Now, this has worked for us but it has led to what you've already described--the destroyed room.  At this point, we don't care.  She is really into making a "nest" int he middle of the room, as well as pretending she's camping in a tent.  This involves stripping the bed.  We just incorporate remaking the bed into the bedtime routine and start the routine earlier.  I pretend the fact that her bedding is lumpy with dollhouse furniture and I'm 9 months pregnant and attempting to get a fitted sheet onto a low toddler bed every night isn't putting me at my wits' end for the sake of not starting a battle with her.  Because seriously, the battle I was losing and now she quietly plays in her crazy nest for almost 2 hours and I get a chance to nap on the weekends or grade papers or eat or whatever else I need to do.

    Also, everything you and other commenters said about getting DH on board is key.  Whatever you decide to do is going to have to be consistent.  
     
  15. You have chosen to ignore posts from Daisy75. Show Daisy75's posts

    Re: Help me with my three year old son's misbehavior

    MissLily,

    Try "Raising Your Spirited Child" by Mary(?) Kurcincka.  It has lots of good information about kids for whom the typical stuff just doesn't work.  (I actually need to re-read it to refresh some of my techniques.)  My son definitely is in the "spirited" category and my daughter is borderline "spunky/spirited."  It really gave me quite a bit of insight into my kids' behaviors as well as my own and things I can do to avert difficult situations. 

    I know the point of the mother's helper is to give you a break and time to do other stuff, but if you can swing an hour a week to spend with just one of the kids alone--alternating weeks--even if it's just bringing that kid on an errand with you out of the house, I highly recommend it.  My kids' behavior is SO MUCH better after they've had one-on-one time with DH or I.  It really does make a huge difference even if it's just a short amount of time.  They may not like to be separated, but they don't know they need a break from each other.  I think it's essential for you/DH and them so you can all start recognizing each other's individual strengths and weaknesses and focus on building relationships that involve the kids being individuals rather than a single unit.  When we split up, we all come back refreshed and recharged and everything is just less-intense for a few days afterwards.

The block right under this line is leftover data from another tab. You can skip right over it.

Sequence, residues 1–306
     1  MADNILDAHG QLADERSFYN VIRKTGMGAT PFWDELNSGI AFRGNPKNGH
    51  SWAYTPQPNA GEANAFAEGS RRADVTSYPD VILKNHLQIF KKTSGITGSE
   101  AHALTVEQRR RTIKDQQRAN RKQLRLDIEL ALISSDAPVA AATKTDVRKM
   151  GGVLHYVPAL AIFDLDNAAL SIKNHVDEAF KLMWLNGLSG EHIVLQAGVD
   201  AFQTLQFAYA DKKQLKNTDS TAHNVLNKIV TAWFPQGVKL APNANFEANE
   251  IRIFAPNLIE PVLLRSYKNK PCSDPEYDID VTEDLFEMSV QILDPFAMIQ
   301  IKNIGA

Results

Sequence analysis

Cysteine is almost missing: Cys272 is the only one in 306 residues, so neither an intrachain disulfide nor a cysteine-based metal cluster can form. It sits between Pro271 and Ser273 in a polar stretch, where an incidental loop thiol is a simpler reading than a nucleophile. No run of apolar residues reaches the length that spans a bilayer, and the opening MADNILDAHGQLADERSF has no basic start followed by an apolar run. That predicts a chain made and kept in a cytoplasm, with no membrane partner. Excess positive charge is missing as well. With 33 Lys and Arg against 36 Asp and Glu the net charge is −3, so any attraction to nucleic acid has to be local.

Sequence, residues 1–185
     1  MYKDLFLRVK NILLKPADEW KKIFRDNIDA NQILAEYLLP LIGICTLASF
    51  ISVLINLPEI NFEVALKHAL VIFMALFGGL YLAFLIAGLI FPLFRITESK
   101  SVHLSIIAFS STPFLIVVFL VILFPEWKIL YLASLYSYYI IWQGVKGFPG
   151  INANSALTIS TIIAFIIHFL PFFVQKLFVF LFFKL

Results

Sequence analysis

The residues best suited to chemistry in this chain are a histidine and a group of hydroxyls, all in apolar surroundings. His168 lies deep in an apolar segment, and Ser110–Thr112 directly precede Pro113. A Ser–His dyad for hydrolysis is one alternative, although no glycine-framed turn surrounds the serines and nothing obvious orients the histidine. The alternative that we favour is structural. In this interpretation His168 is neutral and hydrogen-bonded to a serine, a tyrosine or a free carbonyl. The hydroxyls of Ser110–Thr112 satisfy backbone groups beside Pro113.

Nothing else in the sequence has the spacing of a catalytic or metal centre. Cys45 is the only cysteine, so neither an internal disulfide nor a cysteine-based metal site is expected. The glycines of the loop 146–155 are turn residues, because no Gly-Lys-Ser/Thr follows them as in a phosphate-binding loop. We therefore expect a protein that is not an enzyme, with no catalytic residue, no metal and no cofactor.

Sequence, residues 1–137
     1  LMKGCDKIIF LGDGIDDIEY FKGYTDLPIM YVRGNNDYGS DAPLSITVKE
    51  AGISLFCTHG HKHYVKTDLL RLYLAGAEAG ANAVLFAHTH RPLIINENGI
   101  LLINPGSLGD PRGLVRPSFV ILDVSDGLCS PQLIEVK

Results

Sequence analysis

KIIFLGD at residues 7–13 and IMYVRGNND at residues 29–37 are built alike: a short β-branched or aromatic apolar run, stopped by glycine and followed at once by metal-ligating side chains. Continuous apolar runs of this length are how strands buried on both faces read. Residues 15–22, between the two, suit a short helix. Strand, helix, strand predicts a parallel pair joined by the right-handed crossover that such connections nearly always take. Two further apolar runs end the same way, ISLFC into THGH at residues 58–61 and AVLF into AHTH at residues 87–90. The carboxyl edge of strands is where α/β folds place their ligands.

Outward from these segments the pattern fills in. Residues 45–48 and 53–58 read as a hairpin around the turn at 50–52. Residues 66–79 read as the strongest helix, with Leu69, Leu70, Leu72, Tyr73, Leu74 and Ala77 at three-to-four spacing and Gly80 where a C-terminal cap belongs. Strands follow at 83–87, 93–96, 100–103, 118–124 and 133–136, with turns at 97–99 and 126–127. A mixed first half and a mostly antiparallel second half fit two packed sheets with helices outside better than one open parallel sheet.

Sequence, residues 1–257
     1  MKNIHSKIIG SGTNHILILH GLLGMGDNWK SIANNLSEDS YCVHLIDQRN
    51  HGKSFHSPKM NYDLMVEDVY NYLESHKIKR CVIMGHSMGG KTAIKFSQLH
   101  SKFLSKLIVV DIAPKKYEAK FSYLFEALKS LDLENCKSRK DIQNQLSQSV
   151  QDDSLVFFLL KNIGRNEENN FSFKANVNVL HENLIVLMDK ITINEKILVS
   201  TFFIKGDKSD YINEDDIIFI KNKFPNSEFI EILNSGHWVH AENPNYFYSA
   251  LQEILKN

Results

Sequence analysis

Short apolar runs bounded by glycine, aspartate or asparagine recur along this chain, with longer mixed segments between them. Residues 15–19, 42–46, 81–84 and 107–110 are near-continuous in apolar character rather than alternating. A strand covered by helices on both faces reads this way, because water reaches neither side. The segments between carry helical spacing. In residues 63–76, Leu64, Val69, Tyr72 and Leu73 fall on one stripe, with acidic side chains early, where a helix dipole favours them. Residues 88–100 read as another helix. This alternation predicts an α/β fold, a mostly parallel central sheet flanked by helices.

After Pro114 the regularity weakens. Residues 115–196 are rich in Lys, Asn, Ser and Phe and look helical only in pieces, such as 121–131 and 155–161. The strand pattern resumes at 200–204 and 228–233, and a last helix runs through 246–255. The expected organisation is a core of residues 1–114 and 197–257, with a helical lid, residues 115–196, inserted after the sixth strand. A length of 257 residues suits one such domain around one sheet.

Right now, he know when he misbehaves he gets your undivided attention--which he is craving--so he does what he knows will get your attention.  Praising/rewarding/"catch him doing it right" rather than punishing (which I don't think works this young--they still can't really predict consequences) is going to be key.  If he knows he can get your attention for "being good," he won't "need" to misbehave.

    I also recommend 1-2-3 Magic.  It's a very quick read and the technique is simple.  I hardly ever get past "1" these days, but it requires consistency.

     
  16. You have chosen to ignore posts from dz76. Show dz76's posts

    Re: Help me with my three year old son's misbehavior

    Lily - I was never tempted to spank my daughter until she turned 3 and I still have the temptation everyday I am with her.  I am continually telling people it will be a miracle if she survives until 4.  So I feel your pain.